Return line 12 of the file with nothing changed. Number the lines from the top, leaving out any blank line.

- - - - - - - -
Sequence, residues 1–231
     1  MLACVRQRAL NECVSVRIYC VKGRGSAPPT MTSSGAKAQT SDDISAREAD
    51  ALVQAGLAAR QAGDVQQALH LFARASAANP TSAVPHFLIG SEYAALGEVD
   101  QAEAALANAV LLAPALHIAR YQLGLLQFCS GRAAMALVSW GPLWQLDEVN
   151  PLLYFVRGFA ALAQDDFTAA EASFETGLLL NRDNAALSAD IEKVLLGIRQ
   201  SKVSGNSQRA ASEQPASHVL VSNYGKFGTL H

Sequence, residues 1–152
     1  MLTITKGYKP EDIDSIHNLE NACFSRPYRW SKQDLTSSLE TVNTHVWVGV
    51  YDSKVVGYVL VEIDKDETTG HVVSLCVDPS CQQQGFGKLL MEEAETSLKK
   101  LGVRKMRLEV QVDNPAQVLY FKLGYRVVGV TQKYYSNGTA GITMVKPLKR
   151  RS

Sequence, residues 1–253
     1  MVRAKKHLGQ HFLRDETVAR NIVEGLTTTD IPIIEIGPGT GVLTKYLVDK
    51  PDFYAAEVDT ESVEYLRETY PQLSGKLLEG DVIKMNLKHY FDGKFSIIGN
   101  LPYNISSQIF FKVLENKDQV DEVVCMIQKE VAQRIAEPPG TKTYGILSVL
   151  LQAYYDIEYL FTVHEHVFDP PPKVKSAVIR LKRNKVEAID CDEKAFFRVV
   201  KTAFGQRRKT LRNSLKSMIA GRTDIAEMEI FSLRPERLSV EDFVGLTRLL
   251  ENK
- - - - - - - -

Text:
Sequence, residues 1–253